Analytical ultracentrifugation for the study of protein association and assembly

Analytical ultracentrifugation for the study of protein association and assembly
Available online 28 August 2006.
Geoffrey J Howlett1, Allen P Minton2 and Germ?n Rivas3
Current Opinion in Chemical Biology
Volume 10, Issue 5 , October 2006
Copyright ? 2006 Elsevier Ltd All rights reserved.
1Department of Biochemistry and Molecular Biology and Bio21 Molecular Science and Biotechnology Institute, University of Melbourne, Victoria 3010, Australia
2Section on Physical Biochemistry, Laboratory of Biochemistry and Genetics, National Institute of Diabetes and Digestive and Kidney Diseases, National Institutes of Health, Bethesda MD 20892-0830, USA
3Centro de Investigaciones Biol?gicas, CSIC, Ramiro de Maeztu 9, 28040-Madrid, Spain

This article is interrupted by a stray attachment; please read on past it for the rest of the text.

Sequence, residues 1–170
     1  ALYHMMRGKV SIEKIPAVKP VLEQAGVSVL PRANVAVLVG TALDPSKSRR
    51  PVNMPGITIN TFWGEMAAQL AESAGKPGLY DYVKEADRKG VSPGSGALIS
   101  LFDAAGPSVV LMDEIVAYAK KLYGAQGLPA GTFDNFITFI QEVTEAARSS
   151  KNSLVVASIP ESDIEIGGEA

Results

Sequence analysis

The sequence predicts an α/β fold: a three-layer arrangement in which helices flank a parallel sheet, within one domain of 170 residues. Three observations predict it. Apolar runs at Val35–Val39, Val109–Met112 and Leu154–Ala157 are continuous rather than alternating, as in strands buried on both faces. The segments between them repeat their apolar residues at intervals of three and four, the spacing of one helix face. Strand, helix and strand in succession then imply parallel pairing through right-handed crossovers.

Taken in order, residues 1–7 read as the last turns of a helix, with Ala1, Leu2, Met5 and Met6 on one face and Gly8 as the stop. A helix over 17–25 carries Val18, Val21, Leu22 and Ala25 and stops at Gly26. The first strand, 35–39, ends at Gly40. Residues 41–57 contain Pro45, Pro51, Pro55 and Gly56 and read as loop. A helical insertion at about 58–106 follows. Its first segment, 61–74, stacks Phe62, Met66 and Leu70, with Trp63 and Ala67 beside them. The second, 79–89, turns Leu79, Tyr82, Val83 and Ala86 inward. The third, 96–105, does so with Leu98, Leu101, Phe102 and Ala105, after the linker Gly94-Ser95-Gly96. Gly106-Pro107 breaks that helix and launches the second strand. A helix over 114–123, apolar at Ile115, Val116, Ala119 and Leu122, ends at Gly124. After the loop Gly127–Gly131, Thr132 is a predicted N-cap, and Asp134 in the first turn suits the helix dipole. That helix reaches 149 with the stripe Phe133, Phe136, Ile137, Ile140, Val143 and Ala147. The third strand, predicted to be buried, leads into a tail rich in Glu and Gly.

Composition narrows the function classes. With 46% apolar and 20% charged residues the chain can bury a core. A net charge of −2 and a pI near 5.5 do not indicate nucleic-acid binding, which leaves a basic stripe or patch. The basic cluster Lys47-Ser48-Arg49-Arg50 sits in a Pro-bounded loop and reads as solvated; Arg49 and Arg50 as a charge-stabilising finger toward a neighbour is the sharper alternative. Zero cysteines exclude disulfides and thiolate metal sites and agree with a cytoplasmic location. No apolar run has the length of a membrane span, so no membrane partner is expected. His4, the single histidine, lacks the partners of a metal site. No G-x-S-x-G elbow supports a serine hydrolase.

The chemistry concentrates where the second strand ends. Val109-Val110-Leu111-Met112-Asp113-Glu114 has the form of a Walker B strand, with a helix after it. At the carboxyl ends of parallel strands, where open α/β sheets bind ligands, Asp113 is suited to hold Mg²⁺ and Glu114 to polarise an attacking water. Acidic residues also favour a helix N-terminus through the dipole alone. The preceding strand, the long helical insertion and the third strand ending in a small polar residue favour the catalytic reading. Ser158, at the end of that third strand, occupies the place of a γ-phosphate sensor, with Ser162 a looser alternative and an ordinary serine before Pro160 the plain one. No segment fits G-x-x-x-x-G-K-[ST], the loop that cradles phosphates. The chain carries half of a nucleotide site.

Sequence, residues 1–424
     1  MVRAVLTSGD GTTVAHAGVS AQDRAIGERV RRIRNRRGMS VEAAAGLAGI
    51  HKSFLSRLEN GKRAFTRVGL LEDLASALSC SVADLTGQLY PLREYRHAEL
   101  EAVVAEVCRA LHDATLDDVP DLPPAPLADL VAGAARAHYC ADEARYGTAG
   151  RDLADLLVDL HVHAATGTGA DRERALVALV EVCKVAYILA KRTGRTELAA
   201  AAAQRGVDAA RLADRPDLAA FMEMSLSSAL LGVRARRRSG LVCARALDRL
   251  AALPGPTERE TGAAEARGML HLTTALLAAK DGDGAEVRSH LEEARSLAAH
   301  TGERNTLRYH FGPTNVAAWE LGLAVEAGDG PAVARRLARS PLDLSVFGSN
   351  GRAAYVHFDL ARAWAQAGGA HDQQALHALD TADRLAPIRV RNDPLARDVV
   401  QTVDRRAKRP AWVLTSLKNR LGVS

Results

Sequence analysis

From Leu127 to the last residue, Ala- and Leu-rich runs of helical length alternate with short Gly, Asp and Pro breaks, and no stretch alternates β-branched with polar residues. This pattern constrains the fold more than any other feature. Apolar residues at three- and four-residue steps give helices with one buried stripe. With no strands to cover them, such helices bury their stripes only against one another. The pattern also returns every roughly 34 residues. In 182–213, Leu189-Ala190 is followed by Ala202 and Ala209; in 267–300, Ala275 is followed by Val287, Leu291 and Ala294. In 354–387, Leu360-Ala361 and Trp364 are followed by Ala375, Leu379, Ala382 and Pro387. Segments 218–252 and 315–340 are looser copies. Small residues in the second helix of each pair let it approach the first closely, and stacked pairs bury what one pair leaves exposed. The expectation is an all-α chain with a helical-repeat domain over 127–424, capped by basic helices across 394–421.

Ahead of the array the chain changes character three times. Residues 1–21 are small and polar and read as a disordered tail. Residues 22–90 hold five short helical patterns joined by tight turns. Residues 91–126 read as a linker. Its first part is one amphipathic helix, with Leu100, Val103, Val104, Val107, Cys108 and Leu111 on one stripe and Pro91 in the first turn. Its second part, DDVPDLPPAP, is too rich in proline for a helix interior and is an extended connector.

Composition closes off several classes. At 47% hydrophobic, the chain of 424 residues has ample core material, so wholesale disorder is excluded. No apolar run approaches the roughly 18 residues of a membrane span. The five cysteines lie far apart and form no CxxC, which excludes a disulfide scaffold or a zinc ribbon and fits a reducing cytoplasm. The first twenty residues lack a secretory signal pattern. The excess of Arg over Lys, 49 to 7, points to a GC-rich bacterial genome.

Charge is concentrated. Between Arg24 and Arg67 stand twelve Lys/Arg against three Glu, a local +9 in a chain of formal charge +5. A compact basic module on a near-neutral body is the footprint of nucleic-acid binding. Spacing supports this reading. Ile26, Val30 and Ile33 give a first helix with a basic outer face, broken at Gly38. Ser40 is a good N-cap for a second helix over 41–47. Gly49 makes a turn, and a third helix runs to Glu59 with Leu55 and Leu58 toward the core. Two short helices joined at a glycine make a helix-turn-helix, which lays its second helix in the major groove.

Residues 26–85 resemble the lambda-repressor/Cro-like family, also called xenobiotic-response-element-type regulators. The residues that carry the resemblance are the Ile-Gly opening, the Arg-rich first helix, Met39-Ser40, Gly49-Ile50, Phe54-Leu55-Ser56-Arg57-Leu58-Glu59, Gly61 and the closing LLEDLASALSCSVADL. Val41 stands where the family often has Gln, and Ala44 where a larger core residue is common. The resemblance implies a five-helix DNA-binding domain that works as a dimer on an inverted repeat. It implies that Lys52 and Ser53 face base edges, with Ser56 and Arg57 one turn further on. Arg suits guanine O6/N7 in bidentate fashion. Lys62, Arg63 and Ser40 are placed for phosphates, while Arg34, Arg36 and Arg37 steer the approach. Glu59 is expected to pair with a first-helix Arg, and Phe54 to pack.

Analytical ultracentrifugation remains pre-eminent among the methods used to study the interactions of macromolecules under physiological conditions. Recent developments in analytical procedures allow the high resolving power of sedimentation velocity methods to be coupled to sedimentation equilibrium approaches and applied to both static and dynamic associations. Improvements in global modeling based on numerical solutions of the Lamm equation have generated new sedimentation velocity applications with an emphasis on data interpretation using sedimentation coefficient or molar mass distributions. Procedures based on the use of multiple optical signals from absorption and interference optics for the analysis of the sedimentation velocity and equilibrium behavior of more complex interactions have now been developed. New applications of tracer sedimentation equilibrium experiments and the development of a fluorescence optical system for the analytical ultracentrifuge extend the accessible concentration range over several orders of magnitude and, coupled with the new analytical procedures, provide powerful new tools for studies of both weak and strong macromolecular interactions in solution.
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